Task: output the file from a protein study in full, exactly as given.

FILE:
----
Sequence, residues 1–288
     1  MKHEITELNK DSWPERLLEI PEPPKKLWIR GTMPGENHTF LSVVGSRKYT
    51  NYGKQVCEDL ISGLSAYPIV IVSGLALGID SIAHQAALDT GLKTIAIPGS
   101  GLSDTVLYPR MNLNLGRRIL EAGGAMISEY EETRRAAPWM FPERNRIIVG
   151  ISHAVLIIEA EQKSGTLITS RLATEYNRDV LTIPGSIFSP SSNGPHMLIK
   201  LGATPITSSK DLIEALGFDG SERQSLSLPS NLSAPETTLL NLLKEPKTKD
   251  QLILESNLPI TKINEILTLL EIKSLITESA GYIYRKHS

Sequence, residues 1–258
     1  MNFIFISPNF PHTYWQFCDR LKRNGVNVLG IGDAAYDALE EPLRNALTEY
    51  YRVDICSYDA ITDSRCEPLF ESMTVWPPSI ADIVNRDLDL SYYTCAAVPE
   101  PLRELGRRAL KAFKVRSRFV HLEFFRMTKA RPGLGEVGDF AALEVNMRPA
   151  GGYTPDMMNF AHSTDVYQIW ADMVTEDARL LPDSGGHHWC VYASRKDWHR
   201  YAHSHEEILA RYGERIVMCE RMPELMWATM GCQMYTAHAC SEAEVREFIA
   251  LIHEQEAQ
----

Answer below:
Sequence, residues 1–288
     1  MKHEITELNK DSWPERLLEI PEPPKKLWIR GTMPGENHTF LSVVGSRKYT
    51  NYGKQVCEDL ISGLSAYPIV IVSGLALGID SIAHQAALDT GLKTIAIPGS
   101  GLSDTVLYPR MNLNLGRRIL EAGGAMISEY EETRRAAPWM FPERNRIIVG
   151  ISHAVLIIEA EQKSGTLITS RLATEYNRDV LTIPGSIFSP SSNGPHMLIK
   201  LGATPITSSK DLIEALGFDG SERQSLSLPS NLSAPETTLL NLLKEPKTKD
   251  QLILESNLPI TKINEILTLL EIKSLITESA GYIYRKHS

Sequence, residues 1–258
     1  MNFIFISPNF PHTYWQFCDR LKRNGVNVLG IGDAAYDALE EPLRNALTEY
    51  YRVDICSYDA ITDSRCEPLF ESMTVWPPSI ADIVNRDLDL SYYTCAAVPE
   101  PLRELGRRAL KAFKVRSRFV HLEFFRMTKA RPGLGEVGDF AALEVNMRPA
   151  GGYTPDMMNF AHSTDVYQIW ADMVTEDARL LPDSGGHHWC VYASRKDWHR
   201  YAHSHEEILA RYGERIVMCE RMPELMWATM GCQMYTAHAC SEAEVREFIA
   251  LIHEQEAQ